What part of civilized society haven't millennials ruined—with all their student debt, financial barriers to homeownership, and uniquely high rates of depression and anxiety?
Between Baby Boomers' conviction that millennials are the worst generation to date and contradicting data that millennial life is harder than it was for prior generations, both evaluations are overstated. The reality is that those born between 1981 and 1996 have, for the most part, wreaked the same havoc on society as any generation, from shifting the political climate to interrupting established industries. They just happen to coincide with the digital age, which has accelerated the rates of change.
When it comes to how millennials communicate, social media has created a new language—sure, literally. Sociolinguists are fascinated with the new patterns of language used by Millennials, both spoken and written. Whether you think millennials are causing the "Destruction of Civilization" or just accept humanity's boring old "linguistic shift, here's a sample of how words have changed to reflect modern views on relationships, gender roles, and technology's power to control our lives.
As millennials question the use of outdated labels, they propose a bevy of new ones. When it comes to relationships, "partner" has replaced "boyfriend" and "girlfriend" and even "wife" and "husband." According to Google Trends, "my partner" is more than eight times more popular today than it was 15 years ago. The word is preferred for its genderless nature and implied equality. Additionally, it carries more seriousness than the juvenile titles of "boy/girlfriend," which is unique for committed couples in long-term relationships who choose not to marry. In fact, millennials increasingly find the institution "dated" and, if they do marry, they marry later in life than previous generations.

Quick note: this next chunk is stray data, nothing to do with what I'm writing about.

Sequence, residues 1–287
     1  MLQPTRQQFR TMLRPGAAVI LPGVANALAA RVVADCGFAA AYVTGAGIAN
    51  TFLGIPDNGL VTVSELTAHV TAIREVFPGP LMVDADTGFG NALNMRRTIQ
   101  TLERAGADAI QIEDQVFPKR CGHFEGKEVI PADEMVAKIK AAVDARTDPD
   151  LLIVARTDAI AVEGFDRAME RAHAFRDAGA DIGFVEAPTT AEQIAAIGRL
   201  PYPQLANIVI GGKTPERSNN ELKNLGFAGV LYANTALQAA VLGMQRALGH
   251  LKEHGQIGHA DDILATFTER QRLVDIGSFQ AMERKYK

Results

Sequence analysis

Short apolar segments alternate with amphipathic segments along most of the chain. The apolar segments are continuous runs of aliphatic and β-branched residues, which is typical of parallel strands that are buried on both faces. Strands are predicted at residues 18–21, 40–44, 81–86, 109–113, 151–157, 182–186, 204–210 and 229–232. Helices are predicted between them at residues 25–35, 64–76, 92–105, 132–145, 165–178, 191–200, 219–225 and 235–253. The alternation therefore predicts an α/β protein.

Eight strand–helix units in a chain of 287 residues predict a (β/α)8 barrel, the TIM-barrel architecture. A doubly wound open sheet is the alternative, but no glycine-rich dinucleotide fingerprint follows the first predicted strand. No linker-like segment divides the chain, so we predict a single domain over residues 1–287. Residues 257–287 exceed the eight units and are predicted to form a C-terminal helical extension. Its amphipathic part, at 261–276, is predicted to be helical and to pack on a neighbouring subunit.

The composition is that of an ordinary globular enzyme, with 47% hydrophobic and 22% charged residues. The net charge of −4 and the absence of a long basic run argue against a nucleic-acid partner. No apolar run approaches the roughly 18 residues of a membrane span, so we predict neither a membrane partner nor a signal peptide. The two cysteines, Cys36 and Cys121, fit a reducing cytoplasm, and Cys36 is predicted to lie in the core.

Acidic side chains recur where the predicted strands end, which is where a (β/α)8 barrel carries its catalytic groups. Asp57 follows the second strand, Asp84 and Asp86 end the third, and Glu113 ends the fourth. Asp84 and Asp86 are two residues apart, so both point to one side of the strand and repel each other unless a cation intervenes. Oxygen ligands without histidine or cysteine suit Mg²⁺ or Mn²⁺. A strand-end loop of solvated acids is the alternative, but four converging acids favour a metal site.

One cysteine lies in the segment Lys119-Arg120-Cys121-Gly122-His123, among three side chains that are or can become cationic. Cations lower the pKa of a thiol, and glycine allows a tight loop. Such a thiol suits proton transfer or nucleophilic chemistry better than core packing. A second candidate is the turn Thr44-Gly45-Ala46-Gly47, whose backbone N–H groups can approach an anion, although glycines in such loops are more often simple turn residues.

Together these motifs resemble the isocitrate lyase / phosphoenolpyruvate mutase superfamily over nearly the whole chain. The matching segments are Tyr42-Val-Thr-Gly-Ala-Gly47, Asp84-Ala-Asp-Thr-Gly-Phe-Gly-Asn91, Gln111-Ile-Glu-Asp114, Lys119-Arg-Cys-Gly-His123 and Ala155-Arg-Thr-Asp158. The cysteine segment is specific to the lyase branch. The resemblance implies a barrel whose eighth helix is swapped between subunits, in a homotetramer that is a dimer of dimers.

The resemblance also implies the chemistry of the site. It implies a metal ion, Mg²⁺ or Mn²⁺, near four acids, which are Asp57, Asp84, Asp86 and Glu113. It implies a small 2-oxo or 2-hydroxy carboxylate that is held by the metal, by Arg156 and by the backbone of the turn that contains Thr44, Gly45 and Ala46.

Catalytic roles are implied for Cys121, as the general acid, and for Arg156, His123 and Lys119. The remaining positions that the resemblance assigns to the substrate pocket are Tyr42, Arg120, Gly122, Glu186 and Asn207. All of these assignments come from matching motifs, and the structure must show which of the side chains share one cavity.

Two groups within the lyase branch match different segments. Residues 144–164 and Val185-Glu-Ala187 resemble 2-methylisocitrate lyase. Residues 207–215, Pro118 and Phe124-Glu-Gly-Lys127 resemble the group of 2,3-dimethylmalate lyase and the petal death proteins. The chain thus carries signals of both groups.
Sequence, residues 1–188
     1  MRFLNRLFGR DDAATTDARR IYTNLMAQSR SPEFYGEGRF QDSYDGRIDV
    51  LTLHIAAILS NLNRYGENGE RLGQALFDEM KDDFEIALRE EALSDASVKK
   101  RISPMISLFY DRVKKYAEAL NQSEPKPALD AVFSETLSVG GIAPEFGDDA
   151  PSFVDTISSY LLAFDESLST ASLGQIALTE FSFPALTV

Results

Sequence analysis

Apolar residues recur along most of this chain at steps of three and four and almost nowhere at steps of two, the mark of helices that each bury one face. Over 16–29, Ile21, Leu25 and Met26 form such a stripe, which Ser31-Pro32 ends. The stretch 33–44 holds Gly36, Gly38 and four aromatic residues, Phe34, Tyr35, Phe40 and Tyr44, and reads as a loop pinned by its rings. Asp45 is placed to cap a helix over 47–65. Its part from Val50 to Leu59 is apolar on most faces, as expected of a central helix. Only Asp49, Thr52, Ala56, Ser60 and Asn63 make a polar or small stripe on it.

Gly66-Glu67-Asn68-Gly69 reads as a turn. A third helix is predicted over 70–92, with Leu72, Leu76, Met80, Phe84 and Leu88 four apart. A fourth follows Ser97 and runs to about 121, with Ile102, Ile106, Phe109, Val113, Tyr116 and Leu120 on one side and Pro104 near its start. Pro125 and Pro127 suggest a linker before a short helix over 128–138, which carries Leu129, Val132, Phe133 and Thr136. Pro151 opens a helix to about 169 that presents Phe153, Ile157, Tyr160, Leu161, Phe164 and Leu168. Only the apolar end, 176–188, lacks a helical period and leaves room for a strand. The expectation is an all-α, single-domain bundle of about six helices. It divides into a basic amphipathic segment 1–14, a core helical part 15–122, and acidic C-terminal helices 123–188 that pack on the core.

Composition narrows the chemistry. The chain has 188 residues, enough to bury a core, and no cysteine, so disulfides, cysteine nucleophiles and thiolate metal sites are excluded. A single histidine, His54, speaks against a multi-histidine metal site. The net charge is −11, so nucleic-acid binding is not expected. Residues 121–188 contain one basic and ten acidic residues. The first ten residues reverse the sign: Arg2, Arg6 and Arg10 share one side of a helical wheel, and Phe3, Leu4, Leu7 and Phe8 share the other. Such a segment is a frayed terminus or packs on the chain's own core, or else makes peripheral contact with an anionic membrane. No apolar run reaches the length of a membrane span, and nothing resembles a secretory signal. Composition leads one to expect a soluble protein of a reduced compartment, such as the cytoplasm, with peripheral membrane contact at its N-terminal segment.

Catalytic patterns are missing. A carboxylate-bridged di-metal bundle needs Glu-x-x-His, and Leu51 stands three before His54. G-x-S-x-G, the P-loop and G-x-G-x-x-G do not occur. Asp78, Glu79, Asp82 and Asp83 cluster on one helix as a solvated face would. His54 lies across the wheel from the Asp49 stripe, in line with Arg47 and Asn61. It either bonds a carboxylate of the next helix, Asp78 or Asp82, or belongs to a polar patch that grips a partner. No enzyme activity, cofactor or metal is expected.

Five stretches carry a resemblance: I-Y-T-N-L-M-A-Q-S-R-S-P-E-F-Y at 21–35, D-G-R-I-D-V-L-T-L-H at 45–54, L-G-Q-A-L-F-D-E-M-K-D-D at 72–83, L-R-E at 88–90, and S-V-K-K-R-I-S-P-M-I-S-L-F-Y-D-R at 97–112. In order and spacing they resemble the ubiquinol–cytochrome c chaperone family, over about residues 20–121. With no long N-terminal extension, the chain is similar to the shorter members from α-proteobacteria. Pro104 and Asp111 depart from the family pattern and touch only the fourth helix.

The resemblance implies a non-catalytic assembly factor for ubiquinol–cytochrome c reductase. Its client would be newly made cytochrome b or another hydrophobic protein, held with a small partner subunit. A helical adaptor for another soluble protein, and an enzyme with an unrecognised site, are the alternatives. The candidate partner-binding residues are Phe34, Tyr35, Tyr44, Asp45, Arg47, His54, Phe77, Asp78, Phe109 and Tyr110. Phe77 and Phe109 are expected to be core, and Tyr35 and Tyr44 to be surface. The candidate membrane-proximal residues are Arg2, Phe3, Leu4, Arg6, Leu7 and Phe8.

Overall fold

Contrary to popular belief, the figurative use of "literally" actually dates back to the 1700s. It was not in popular usage until the early 1900s, when writers like Ambrose Bierce called its hyperbolic context "intolerable"—and he didn't have to live in the age of the Kardashians. Oxford English Dictionary's definition includes the colloquial use "to indicate that some (frequently conventional) metaphorical or hyperbolical expression is to be taken in the strongest admissible sense: 'virtually, as good as'; (also) 'completely, utterly, absolutely'."
Still, millennials are responsible for the over-use of the word. While it's only natural to be frustrated with a word so versatile that its meaning contradicts itself, such radical changes in a word's connotation are part of the age-old pattern of linguistic innovation. A whole generation twisting a word's meaning into its opposite is not new or distinctly millennial, but it is, now more than ever, painfully obvious to hear in our day-to-day conversations.
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"Relatability" isn't a word, but we're doomed to pretend that it is for the foreseeable future, and all because millennials watch too much TV. Prior to about 2010, it wasn't common to use "relatable" to indicate how well you identify with a character or situation. Rather, the word's core meaning describes whether a thing is capable of being told (like relating a story) or whether it shares common features with something else.